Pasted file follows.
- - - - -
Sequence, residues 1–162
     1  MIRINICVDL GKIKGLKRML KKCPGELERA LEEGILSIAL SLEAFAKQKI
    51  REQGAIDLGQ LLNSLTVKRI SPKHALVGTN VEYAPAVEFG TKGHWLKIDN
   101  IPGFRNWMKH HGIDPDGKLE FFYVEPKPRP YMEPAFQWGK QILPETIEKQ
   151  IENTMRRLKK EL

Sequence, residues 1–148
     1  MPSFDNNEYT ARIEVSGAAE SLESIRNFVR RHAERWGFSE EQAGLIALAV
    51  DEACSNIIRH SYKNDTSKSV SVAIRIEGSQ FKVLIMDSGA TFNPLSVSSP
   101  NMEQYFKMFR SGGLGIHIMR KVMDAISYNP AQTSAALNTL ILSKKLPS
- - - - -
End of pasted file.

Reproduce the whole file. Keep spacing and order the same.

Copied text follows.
Sequence, residues 1–162
     1  MIRINICVDL GKIKGLKRML KKCPGELERA LEEGILSIAL SLEAFAKQKI
    51  REQGAIDLGQ LLNSLTVKRI SPKHALVGTN VEYAPAVEFG TKGHWLKIDN
   101  IPGFRNWMKH HGIDPDGKLE FFYVEPKPRP YMEPAFQWGK QILPETIEKQ
   151  IENTMRRLKK EL

Sequence, residues 1–148
     1  MPSFDNNEYT ARIEVSGAAE SLESIRNFVR RHAERWGFSE EQAGLIALAV
    51  DEACSNIIRH SYKNDTSKSV SVAIRIEGSQ FKVLIMDSGA TFNPLSVSSP
   101  NMEQYFKMFR SGGLGIHIMR KVMDAISYNP AQTSAALNTL ILSKKLPS